“Critique” or “What Doesn’t Kill You Might Make Your Work Stronger”

That’s right. The dreaded “C” word. …Um, no, not whatever other “C” word you’re thinking of. Critique, people, critique! “A critical review or commentary, especially one dealing with works of art or literature”! The artist’s best friend slash worst enemy.

Some people wholeheartedly enjoy having their work torn to shreds by others for the sake of personal and professional betterment. (Looking at you, Tirzah.) The rest of us (I’d say “the sane ones”, but, well, then I wouldn’t qualify) would really rather have a perfect world in which no one has anything but complimentary things to say about what we’ve done because, hip-huzzah, we’ve earned that and more! Erm, don’t look now, though, but… the world isn’t perfect. Neither are we. And neither are our books, our poems, our fill-in-the-blank. And sometimes – dare I say, oftentimes – in the interest of taking ourselves closer to perfect, we need someone else to help us see where we’ve stepped off of the creative straight and narrow.

Now, to restate for the sake of clarity: I do not like receiving critiques. At all. But too bad for me, because there are times when I’ve got to deal with them. And to help me through those times, I try to keep in mind a certain incident from not so very long ago…

            * * * FLASHBACK! * * *

Fire Elemental, one-point-oh

I’d just finished a picture of a character of mine, and being really pleased with how it had turned out, I showed it to my mom.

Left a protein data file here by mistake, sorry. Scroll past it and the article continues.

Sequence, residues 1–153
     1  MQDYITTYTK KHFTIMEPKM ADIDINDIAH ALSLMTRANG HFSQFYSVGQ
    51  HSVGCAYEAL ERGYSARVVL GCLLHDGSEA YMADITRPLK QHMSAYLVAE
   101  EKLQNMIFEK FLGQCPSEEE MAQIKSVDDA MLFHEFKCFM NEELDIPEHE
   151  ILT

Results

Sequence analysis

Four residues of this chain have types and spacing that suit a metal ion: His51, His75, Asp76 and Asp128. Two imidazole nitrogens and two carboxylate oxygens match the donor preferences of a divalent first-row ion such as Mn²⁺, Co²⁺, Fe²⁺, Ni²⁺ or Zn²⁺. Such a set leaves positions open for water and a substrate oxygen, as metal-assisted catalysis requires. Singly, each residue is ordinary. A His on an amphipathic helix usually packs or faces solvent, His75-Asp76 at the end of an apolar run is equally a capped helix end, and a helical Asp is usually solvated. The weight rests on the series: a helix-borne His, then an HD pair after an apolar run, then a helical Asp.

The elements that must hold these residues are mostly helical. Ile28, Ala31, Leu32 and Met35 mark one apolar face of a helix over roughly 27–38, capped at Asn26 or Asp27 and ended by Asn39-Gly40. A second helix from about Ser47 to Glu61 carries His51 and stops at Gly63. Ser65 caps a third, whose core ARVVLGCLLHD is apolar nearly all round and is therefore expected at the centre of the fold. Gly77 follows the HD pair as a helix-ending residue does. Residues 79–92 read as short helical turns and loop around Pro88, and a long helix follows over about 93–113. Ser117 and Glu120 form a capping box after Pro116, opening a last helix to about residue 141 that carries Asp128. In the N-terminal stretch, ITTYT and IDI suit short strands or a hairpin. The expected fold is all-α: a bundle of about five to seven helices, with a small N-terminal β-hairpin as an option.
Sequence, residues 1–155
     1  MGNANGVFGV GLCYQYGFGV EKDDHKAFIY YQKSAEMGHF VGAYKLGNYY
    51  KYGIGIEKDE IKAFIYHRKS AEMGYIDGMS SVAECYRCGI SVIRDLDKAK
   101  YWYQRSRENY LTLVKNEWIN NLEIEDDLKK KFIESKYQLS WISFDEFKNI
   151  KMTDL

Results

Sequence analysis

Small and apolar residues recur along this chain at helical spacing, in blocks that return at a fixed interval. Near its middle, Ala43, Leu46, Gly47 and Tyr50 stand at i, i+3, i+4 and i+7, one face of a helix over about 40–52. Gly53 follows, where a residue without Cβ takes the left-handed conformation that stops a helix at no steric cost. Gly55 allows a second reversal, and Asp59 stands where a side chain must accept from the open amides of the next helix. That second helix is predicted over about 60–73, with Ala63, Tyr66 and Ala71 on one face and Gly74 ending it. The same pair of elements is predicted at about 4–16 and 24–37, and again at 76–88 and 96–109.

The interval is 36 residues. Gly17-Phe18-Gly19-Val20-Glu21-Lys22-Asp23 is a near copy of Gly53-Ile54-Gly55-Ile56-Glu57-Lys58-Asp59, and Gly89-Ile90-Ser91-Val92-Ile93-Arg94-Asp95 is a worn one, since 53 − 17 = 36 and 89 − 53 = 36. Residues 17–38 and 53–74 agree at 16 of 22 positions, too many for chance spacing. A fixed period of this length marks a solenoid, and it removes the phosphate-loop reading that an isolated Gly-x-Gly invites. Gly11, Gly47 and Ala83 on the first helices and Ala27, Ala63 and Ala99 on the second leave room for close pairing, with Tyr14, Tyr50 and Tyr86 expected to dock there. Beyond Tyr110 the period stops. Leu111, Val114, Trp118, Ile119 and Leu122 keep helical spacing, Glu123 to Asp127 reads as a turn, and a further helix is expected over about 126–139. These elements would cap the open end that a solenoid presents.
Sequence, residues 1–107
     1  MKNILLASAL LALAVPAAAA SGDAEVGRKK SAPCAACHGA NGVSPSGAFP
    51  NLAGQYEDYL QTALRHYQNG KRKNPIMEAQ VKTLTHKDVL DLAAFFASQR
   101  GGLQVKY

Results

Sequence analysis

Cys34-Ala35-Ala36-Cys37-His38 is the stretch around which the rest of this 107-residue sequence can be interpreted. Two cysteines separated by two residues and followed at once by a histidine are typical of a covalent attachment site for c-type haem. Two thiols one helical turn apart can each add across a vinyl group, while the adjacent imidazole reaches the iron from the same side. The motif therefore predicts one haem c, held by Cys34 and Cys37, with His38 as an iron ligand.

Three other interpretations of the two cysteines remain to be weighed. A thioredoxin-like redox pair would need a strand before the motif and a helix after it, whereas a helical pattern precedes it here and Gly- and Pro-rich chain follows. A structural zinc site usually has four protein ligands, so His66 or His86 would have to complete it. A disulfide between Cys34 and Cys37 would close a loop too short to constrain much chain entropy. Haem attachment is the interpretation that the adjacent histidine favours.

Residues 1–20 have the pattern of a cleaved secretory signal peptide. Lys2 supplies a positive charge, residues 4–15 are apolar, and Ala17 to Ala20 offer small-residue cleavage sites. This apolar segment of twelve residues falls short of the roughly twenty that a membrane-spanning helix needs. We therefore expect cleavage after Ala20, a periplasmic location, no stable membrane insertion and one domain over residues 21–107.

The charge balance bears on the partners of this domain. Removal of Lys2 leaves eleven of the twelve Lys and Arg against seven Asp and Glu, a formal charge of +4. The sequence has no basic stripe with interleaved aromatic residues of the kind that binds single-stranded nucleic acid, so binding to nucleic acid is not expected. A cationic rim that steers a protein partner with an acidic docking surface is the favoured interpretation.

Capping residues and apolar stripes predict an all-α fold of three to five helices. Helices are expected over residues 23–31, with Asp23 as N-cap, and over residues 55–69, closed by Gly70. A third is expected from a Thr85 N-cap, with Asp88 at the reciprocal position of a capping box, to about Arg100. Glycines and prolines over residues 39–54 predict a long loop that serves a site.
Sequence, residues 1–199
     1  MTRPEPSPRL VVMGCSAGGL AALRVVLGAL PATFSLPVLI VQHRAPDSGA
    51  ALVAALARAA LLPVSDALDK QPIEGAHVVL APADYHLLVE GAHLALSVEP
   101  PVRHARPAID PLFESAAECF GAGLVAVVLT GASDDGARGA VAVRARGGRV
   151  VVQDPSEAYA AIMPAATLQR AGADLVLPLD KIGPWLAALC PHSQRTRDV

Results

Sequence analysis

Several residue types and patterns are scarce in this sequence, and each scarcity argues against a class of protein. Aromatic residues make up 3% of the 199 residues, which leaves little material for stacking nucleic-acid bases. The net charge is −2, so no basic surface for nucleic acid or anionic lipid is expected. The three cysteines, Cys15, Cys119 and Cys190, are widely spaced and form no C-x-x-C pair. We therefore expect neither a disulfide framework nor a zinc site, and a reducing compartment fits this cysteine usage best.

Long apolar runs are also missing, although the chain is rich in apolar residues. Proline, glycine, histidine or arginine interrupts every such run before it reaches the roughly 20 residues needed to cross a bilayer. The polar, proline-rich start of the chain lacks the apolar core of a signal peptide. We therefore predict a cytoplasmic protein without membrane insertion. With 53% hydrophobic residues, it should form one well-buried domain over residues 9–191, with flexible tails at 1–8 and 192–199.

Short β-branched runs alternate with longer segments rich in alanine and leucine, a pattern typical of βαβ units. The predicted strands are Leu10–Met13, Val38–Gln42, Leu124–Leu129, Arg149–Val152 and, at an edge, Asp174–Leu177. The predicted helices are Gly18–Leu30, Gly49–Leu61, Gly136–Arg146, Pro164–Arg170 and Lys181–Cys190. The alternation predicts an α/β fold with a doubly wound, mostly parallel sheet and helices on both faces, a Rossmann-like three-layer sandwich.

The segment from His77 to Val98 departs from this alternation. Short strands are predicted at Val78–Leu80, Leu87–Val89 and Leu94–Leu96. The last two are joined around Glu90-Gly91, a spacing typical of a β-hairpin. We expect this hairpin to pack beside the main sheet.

Me: Behold, Mother – my fire elemental!

Dearest Mumsy: Pretty cool, honey. But he doesn’t look so much an elemental as some guy with a fiery background.

Me: But… but… b-but… *mopes*

Fortunately, some of my best revisions are done while moping. I went back to the drawing board (or, more accurately, back to my drawing pad ‘n’ stylus) to make some modifications. And however long it was later…

Fire Elemental, two-point-WHOA!

Me: Betterness?

Mother o’ Mine: And how!

The changes weren’t huge, but the difference totally was. And I don’t think I ever would have thought to add the needed touches if my mom had simply said, “Pretty cool, honey,” and left it at that.

There are bound to have been other examples since then, but this is the one that always comes back to me, that moment when I first truly understood: Critique can be some nasty medicine to swallow, but it can be totally worth it.

There are tons of blog posts, articles, and self-help chapters that deal with different views on this topic (such as this piece on Emerald Barnes’ blog, which first put the notion of eventually writing this post in my head, or these tips I gleaned from the Gotham Writers’ newsletter). Clearly, then, my thoughts are not the end-all, but they’re what I have to give and what you hang around here to read, so here they are, in summary:

1. Gather some reasonably trusted opinions. (Not just anybody knows what they’re talking about or wants you to succeed. Use your judgment.)

2. Keep your defenses down as low as they’ll go, and honestly reflect on the feedback. (And, um, try not to bite your critics’ heads off…like I sometimes do… Yeah, having people all up in your stuff can nettle, but if you followed Step 1, they’re probably just trying to help you.)

3. If a suggestion is way off base, happily ignore it. (Feel free to whistle and strut while fixing a celebratory sandwich.)

4. If what you’re hearing has some merit, take it and improve. (The fire elementals in your life will thank you.)

Floor’s open: What’s your standout experience with critique?

“Modify” or “When Word(smith)s Fail”